Theresianum operates as a Gymnasium (U.S. equivalent grades 5 through 12); as of 2010, 815 students attended 33 classes (i.e., 24.7 students per class) and were taught by 130 instructors (i.e., 6.3 students per instructor).[25] In order to develop well-rounded pupils, Theresianum requires students to attend individual or group study sessions in the afternoons with their instructors. School days typically end between 5:30 p.m. and 6:00 p.m., depending on the student's age. Grades 1 to 4 (U.S. equivalent grades 5 to 8) have a 5-day school week, while grades 5 to 8 (U.S. equivalent grades 9 to 12) also attend lectures on Saturday mornings.[26] 100 students were also enrolled in Theresianum’s full-boarding option as of 2007.[27]


Throughout its history, Theresianum has retained parts of its historic park in the center of Vienna (approx. 50,000 m2), and properties in Süßenbrunn and Strechau, outside the city.[28] The school’s sport facilities include an indoor swimming pool, two beach volleyball courts, tennis, soccer and basketball courts, and indoor gyms. All classrooms are equipped with state-of-the-art digital media equipment andscience laboratories are used for biology, physics chemistry classes. The school’s historic rooms (library, etc.) can be used for special events.[29]


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Part of Theresianum's 50,000 m2 park

A steering committee consisting of the school’s headmaster, elected parent and student representatives, and project groups continuously monitor quality standards of existing classes and propose new academic or extra-curricular initiatives.[30] Currently, projects such as a new IT learning platform, an extended business and life science curriculum and initiatives with the European Union are being evaluated.[31]

Moreover, Theresianum plans on opening a new elementary school and/or kindergarten in fall 2011. Academic curricula are currently being developed, with a special emphasis on full-day service, language courses taught by native speakers, advanced-level coursework for talented students, sports and extra-curricular activities.[32]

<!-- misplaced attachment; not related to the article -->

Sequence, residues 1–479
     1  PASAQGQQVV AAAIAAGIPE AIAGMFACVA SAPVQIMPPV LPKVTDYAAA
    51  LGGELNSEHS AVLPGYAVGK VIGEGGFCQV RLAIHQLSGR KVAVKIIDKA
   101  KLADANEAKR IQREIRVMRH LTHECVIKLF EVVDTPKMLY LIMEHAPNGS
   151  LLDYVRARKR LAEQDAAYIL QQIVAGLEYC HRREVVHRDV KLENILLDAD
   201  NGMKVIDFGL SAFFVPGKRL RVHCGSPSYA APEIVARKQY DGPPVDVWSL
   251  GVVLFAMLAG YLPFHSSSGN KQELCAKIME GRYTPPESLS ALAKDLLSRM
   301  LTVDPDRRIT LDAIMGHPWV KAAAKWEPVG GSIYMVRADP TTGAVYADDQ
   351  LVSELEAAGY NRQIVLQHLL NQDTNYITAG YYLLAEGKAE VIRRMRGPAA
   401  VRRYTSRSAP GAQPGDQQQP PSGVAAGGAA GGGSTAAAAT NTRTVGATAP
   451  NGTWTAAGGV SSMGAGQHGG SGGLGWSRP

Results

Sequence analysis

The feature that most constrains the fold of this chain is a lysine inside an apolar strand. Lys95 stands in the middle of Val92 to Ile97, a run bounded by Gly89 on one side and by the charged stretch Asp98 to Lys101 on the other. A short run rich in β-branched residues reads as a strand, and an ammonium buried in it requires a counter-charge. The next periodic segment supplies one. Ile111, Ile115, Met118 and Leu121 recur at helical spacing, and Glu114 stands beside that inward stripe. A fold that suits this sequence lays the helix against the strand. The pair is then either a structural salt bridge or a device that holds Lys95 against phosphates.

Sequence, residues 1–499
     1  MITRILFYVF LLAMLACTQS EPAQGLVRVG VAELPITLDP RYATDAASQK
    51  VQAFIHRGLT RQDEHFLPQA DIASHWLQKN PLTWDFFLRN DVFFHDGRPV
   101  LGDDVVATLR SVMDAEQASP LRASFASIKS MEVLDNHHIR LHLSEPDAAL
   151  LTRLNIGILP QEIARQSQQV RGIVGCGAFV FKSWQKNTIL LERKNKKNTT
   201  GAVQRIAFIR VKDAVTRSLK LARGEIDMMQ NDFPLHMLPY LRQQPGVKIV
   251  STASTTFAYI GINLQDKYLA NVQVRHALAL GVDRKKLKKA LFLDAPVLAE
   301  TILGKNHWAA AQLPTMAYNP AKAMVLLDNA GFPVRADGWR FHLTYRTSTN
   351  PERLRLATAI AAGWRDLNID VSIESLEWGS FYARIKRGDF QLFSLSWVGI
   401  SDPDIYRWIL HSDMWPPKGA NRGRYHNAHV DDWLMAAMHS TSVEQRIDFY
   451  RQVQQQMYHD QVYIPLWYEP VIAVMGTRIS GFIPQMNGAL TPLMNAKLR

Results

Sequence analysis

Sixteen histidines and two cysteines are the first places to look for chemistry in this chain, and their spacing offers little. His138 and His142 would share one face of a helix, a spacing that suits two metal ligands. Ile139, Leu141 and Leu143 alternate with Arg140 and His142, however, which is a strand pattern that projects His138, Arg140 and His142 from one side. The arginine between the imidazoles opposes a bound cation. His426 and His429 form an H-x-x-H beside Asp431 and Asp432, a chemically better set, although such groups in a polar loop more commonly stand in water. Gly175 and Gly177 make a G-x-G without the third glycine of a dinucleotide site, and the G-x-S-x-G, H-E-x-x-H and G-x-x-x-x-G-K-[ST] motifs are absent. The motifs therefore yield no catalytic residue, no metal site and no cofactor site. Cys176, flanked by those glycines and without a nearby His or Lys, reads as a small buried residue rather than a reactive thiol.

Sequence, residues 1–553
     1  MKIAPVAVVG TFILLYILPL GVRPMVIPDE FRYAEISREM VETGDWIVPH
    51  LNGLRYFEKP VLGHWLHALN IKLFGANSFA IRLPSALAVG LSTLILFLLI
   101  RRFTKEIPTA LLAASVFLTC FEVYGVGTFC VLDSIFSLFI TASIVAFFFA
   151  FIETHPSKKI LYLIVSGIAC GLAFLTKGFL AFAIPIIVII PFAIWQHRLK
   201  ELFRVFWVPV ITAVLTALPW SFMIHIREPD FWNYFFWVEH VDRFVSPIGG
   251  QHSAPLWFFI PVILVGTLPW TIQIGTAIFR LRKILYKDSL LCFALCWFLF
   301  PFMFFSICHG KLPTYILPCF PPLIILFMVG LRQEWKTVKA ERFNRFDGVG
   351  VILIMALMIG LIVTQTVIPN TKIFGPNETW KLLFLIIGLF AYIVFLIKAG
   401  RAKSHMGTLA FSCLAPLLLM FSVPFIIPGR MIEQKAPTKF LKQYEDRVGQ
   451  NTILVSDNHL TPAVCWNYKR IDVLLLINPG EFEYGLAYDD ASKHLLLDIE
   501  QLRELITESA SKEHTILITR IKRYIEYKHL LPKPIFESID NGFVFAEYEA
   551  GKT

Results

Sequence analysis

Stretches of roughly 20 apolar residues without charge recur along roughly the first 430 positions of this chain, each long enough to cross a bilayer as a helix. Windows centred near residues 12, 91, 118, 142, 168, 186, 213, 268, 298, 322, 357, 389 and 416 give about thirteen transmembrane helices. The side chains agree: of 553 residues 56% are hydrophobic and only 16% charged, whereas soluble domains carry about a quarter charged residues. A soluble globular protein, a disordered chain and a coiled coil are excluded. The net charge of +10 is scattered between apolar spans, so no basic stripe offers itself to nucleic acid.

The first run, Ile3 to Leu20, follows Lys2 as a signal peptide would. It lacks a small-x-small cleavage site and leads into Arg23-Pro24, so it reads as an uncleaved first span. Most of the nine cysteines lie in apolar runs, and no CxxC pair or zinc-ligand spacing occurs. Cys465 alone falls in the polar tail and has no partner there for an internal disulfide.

Notable alumni

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Alfonso XII, King of Spain (1857-1885)

Often referred to as one of Austria’s finest schools,[33][34][35] Theresianum has shaped over 260 years of Austrian and European history; its graduates include Nobel Prize winners, political leaders, as well as writers and thinkers across a wide array of disciplines:[36]

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Christoph Waltz


  1. Guglia, Eugen (1996). Das Theresianum in Wien: Vergangenheit und Gegenwart, pp. 15-27, Vienna, Böhlau Verlag, ISBN 3-205-98510-9.
  2. Theresianische Akademie: "Geschichte". Theresianum. Retrieved 2010-03-20.
  3. Theresianische Akademie: "Geschichte". Theresianum. Retrieved 2010-03-20.
  4. Guglia, Eugen (1996). Das Theresianum in Wien: Vergangenheit und Gegenwart, pp. 101-118, Vienna, Böhlau Verlag, ISBN 3-205-98510-9.
  5. Guglia, Eugen (1996). Das Theresianum in Wien: Vergangenheit und Gegenwart, pp. 119-150, Vienna, Böhlau Verlag, ISBN 3-205-98510-9.